Hickey adds that some of the biggest names in streaming have courted the idea of doing more to cater to classical listeners — but so far, from his perspective, it's been just talk. "Classical punches way above its weight, percentage-wise, in terms of how popular it is on streaming services like Spotify," he notes. "Some of the most popular Spotify playlists on include classical-centric ones like 'Intense Studying' and 'Peaceful Piano.' And some of them have gotten streamed hundreds of thousands of times." But at the same time, Hickey adds, that doesn't mean that they've made search capabilities on their service any better. "Spotify has made rumblings many times about doing more, and being a lot more specific," he says, "but nothing's been done yet."
In terms of actually having accurate and well-refined metadata in their possession, Hickey says, iTunes is "head and shoulders above everyone else. They have one or two musicologists on staff," he adds, "and their style guide is nearly 60 pages long." (iTunes' requirements for classical music metadata alone takes up seven pages in its October 2013 iteration.)
"But the problem, and the frustration for classical fans," Hickey continues, "is that they don't utilize the strength of all that data. They say that one day it will be as rich or robust as anyone else, including the classical specialist sites — but not yet."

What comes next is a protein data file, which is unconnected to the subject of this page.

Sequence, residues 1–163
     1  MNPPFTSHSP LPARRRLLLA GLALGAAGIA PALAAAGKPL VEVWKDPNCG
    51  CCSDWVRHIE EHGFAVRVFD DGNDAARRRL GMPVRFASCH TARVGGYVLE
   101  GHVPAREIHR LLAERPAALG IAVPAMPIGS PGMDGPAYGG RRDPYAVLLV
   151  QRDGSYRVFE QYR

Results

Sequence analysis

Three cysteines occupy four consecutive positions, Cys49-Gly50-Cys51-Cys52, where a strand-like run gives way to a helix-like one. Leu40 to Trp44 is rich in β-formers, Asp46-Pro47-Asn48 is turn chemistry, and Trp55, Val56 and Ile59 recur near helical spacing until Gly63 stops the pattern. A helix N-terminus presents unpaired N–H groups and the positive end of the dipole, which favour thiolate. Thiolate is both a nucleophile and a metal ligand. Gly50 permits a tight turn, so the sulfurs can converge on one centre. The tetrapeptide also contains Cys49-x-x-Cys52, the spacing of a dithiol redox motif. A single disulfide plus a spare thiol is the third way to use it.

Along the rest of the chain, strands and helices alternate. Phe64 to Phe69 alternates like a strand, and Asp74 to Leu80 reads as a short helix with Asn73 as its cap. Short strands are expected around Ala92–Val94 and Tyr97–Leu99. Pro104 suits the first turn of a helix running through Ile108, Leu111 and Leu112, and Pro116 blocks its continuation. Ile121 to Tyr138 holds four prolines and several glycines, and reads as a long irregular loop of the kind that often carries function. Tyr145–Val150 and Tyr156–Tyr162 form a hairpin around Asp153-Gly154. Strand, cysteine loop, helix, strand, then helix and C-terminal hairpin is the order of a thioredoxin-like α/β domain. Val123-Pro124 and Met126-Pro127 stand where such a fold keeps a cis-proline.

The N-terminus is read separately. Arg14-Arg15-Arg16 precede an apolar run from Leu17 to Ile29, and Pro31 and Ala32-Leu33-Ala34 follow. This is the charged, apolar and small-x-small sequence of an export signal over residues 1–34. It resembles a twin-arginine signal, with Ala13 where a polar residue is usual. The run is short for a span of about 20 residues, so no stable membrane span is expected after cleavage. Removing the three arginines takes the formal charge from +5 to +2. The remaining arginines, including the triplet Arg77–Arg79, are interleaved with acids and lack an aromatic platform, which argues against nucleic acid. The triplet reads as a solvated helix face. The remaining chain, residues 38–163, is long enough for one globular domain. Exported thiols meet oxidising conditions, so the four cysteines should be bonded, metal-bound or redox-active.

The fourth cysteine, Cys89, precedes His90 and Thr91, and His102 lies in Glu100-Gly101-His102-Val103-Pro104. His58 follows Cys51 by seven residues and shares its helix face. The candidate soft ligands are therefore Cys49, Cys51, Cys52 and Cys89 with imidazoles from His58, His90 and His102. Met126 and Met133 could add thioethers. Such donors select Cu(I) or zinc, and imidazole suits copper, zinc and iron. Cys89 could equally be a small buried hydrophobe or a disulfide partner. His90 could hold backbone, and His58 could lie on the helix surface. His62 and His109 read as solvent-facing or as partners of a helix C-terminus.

In the meantime, a number of new and already established classical music sites have raced to make their own proprietary streaming services, focused entirely on classical music lovers. They include the popular online store Arkiv Music, which launched its own subscription streaming service last December; Classical Archives, which was originally founded in 1994 as a site for free MIDI versions of classical music, before repositioning itself as a digital download and streaming site; and Classics Online HD LL, which industry giant Naxos soft-launched in November as a consumer-targeted parallel to its Naxos Music Library service, which is aimed primarily at schools, libraries and other institutions. Sony Music Entertainment also launched a very brief-lived and now defunct online download store called Ariama in 2009, but shut its doors within two years of launching. (I was the founding editor for Ariama, and left Ariama in 2011 to join NPR.)
These classical-dedicated sites are a solution for some people — those who know that they exist, for starters, who are willing to fork over the subscription fees — which currently range from $8 to $19.95 a month — and who are willing to open up yet another site or app on their computers or mobile devices. And for the vast majority of music fans — those who aren't knowledgeable about classical per se, but who might be curious and interested in hearing more — classical music remains distant and inaccessible. It's everyone's loss.